I was hoping to run Msconfig.exe to disable the non-Microsoft services and start-up items.  However, when I tried to run Msconfig as administrator, I get a error that says "The specified service does not exist as an installed service".  Is there any way to run Msconfig from the Recovery Options command prompt window?  Is there something else to run that will give me the same results?

 

-Rod-



#5 Adam Pollard

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Posted 07 November 2013 - 05:00 PM

Drive letters are often different when using recovery mode. It is quite normal for what you are used to being the C drive being given the letter D instead. You could try running chkdsk, but I expect it won't help and you are faced with a reinstall.



#6 rtkach

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Posted 07 November 2013 - 05:27 PM

Yes, it wad D drive.  I was able to run chkdsk /f /r.  That ran without errors.  I was hoping to find a way to stop services and startup applications from running so I could re-enable them one by one to figure out what is causing this problem.

 

-Rod-



#7 Adam Pollard

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Posted 07 November 2013 - 05:32 PM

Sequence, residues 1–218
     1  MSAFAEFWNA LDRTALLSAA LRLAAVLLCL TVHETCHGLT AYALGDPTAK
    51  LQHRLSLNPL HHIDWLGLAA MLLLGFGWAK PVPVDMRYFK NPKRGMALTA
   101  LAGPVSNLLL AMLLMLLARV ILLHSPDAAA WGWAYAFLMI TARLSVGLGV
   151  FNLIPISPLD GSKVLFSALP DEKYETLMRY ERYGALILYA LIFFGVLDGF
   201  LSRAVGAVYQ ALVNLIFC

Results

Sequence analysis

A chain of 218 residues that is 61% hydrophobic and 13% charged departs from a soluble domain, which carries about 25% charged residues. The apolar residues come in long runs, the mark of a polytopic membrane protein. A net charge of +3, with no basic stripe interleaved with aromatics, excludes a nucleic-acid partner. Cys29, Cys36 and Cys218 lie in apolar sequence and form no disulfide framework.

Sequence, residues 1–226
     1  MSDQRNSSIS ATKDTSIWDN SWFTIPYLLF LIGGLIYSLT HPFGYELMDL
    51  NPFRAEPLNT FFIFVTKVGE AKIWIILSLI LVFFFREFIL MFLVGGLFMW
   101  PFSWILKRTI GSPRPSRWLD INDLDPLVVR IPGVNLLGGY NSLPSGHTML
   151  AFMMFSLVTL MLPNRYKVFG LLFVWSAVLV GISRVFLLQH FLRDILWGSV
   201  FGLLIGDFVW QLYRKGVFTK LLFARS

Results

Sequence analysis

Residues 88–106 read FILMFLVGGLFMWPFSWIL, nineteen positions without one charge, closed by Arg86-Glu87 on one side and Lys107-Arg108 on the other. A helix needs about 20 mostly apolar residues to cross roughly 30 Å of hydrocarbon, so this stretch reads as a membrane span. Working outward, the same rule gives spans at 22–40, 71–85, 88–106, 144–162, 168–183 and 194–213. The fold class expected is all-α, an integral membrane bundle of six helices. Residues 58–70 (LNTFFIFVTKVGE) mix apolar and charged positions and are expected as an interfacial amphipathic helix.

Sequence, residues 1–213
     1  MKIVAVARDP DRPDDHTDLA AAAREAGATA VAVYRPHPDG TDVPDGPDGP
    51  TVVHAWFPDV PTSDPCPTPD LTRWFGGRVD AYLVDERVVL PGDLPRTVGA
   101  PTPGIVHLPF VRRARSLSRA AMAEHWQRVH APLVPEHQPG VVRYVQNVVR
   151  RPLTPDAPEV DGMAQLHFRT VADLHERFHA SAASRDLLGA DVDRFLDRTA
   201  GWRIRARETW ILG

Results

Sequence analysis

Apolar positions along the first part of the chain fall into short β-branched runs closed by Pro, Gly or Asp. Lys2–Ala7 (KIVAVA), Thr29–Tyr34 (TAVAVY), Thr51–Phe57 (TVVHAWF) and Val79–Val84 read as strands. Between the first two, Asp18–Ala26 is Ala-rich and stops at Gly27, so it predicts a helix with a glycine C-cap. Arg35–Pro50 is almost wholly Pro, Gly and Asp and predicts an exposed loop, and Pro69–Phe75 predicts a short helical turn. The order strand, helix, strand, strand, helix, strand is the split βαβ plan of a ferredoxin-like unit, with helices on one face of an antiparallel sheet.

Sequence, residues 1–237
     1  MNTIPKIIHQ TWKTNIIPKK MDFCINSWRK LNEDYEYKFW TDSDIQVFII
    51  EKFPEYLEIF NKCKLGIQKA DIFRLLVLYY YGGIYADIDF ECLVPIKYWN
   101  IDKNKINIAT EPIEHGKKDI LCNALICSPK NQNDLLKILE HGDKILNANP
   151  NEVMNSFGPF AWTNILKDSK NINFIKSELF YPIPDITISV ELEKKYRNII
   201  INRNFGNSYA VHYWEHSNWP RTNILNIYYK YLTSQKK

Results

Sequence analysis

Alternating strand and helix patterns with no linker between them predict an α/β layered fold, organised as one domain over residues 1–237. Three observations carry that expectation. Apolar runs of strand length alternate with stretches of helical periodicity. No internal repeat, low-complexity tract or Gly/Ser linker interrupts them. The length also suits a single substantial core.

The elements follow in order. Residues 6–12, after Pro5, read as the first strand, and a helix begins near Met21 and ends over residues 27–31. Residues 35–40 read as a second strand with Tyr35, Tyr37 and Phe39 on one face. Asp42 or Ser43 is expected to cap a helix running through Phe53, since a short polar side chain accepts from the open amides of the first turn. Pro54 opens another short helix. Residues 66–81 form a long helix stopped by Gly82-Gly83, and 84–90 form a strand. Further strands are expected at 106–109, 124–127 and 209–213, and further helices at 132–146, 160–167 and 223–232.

Yes, it wad D drive.  I was able to run chkdsk /f /r.  That ran without errors.  I was hoping to find a way to stop services and startup applications from running so I could re-enable them one by one to figure out what is causing this problem.

 

-Rod-

While this is theoretically possible using offline registry editing, it would definitely be easier, and probably be quicker and more likely to succeed by doing a reinstall.

(saying this with two laptops currently updating after reinstalls, one from black screen of death, the other from a host of unsigned drivers, non functioning services etc)

 

Cheers, Adam


Edited by Adam Pollard, 07 November 2013 - 05:32 PM.


#8 dc3

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Posted 07 November 2013 - 05:34 PM

Type in msconfig in the search box, when it appears above the search box right click on it and choose run as administrator.